Up close with ghouls of Gaul
Quelle horreur! ... Le Manoir de Paris brings the horror-fuelled history of the French capital to vivid life.
Steve McKenna discovers the dark side of the City of Light as a frighteningly good attraction opens its doors in Paris.
Strolling down the delightfully named but rather shabby rue de Paradis, I see an old wench sweeping the pavement and making ghastly, ghoulish faces and noises at passers-by.
I'm a bag of nerves when a model crocodile pops out ...
On closer inspection, she's not very old at all. The masses of make-up on her face, including a congealed blood-like liquid smeared around her eyes and cheeks, obscure the fact that she's probably only in her 20s.
Le Manoir de Paris.
As she shakes her broomstick and generally conveys the impression of being barking mad, a tall, gangly man in a suit and cravat, similarly caked in make-up, stumbles out of an archway. He comes within millimetres of my face and croaks a sound like one of the orcs from The Lord of the Rings - prompting me to recoil and my companion, Diana, to clutch my arm.
You don't expect to encounter such unsophisticated behaviour in Paris. But Le Manoir de Paris is unlike anything else in the French capital.
A five-minute walk from Gare de l'Est, this quirky new attraction bills itself as a living museum-cum-interactive theatre, which brings the murky, horror-fuelled history and legends of Paris to life through a series of painstakingly prepared sets, props and actors.
Le Manoir de Paris.
It took 18 months to put together and is directed by Belgian Adil Houti, who spent much of his life in the US, where Halloween and horror stories are deeply ingrained in the national psyche. Inspired by working in a haunted house in Austin, Texas, Houti decided to bring the concept to continental Europe, adding a Parisian twist. "A straightforward American-style haunted house wouldn't work in Paris," he says.
"We had to offer something distinctive and we think this reveals a different side to Paris than the one people normally see. Instead of showcasing the City of Lights, we're doing the City of Frights. We play on people's phobias and want it to be both informative and entertaining."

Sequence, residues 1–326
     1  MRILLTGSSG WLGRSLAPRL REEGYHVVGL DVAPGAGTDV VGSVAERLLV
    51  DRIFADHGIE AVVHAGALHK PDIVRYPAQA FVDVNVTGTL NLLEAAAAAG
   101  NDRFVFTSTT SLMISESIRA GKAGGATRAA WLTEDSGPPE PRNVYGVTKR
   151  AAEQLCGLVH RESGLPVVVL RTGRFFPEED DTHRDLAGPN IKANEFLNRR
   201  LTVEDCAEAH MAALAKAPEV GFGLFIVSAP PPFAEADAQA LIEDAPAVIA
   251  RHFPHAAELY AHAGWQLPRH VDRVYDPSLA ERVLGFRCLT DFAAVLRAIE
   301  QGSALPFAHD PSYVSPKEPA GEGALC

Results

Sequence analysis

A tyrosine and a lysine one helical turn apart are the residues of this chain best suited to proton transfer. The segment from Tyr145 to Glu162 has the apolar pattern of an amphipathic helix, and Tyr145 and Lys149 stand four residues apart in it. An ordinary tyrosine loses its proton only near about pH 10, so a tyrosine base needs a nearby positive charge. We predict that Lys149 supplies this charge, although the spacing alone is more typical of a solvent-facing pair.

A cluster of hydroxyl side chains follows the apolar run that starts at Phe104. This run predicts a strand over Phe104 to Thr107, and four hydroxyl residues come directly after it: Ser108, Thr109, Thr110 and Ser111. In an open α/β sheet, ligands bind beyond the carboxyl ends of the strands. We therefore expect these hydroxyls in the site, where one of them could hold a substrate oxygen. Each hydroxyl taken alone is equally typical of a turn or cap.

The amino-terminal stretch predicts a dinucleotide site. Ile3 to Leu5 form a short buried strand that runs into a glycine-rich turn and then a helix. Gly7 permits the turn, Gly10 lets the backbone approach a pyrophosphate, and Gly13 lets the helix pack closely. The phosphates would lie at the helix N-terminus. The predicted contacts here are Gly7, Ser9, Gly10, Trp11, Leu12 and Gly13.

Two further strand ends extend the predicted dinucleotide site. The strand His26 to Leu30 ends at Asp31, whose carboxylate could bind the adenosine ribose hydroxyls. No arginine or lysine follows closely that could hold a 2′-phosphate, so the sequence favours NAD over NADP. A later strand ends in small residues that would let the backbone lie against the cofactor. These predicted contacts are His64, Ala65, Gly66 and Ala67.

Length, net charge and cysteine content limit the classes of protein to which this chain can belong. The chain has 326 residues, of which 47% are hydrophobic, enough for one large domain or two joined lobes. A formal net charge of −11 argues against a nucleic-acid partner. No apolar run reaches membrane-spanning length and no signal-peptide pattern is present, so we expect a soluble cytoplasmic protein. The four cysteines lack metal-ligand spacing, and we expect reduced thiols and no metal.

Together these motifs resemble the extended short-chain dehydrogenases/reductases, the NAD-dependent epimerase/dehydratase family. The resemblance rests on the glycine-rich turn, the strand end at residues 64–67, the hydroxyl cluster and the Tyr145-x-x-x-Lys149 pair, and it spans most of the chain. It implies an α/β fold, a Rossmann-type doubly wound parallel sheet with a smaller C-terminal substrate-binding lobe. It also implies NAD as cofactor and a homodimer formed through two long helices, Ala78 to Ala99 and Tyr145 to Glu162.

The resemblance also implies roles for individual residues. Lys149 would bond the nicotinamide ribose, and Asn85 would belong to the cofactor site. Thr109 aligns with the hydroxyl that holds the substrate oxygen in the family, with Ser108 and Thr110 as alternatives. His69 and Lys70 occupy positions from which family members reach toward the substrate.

While you get a taster of the Manoir's macabre madness in rue de Paradis courtesy of the diabolical made-up duo, the main action takes place behind the archway, in an old pottery and ceramics emporium decorated with magnificent tiled mosaics.
The 13 legends are detailed, in French, on the walls of the foyer (and in English in a pamphlet you're given when you buy a ticket). Alongside the more obvious legends - Quasimodo and the Phantom of the Opera - are stories you'll have never heard of, so it's advisable to read through them so you know a little of what to expect, unless you want everything to blur into one, indistinguishable, incomprehensible gore-fest.
"Fresh meat," cries the young woman manning the barrier, as she beckons us into a pitch-black passage. As Diana hides behind me, I creep ahead, with a luminous stick wrung around my neck. This is to indicate that we're an English-speaking group, so the actors won't bombard us solely in French.
Pulses are raised as we enter the first room - mocked up as the cavernous catacombs of Paris. Like all the sets in Manoir de Paris, it's superbly put together and periodically lit with strobe lighting. Before we can truly admire our surroundings, a heavily made-up figure leaps out in front of us, ranting in heavily French-tinged English.
He's telling us about Philibert Aspairt, who, in November 1793, entered the quarries below the convent of Paris's Val-de-Grace, never to return. Eleven years later, his decomposed body was discovered in the tunnels under the street of l'Abbe de L'Epee. His skeleton was identifiable only by the set of keys on his belt. Moving further into the catacombs, we spot a skeleton, which begins to shake as we pass. Cue screams from our group.
Fairly calm in the first room, I'm a bag of nerves when a model crocodile pops out in front of us in the next. In March 1984, city workers in the sewers under the Pont Neuf, a bridge that spans the River Seine, discovered a Nile crocodile. The beast - believed to have been an escaped pet - had been surviving on rats and rubbish.
And so it goes on. The last room unlocks the legend of the Count of le Manoir de Paris, a rich, eccentric character who supposedly held lavish parties at 18 rue de Paradis - where we stand today.
One day he was suddenly overcome with fever. Sores broke out across his body and doctors diagnosed him with the plague. Once courted by all of Paris, the count was transformed into a hideous monster, abandoned and left to his fate.
His ghostly form chases us towards the exit, and we're back in the foyer, where the fearsome twosome are terrorising the next batch of guests amid a now familiar medley of orc sounds, giggles, yelps and screams.
The writer was a guest of Le Manoir de Paris.
Suitable for people aged over 10; pregnant women and people with weak hearts or epilepsy are advised not to go. Le Manoir de Paris, at 18 rue de Paradis, is open Fridays, 6-10pm, and Saturdays and Sundays, 3-7pm — with extended hours for Halloween. Entrance costs €20 ($25) for adults, €15 for children (aged up to 15). lemanoirdeparis.com.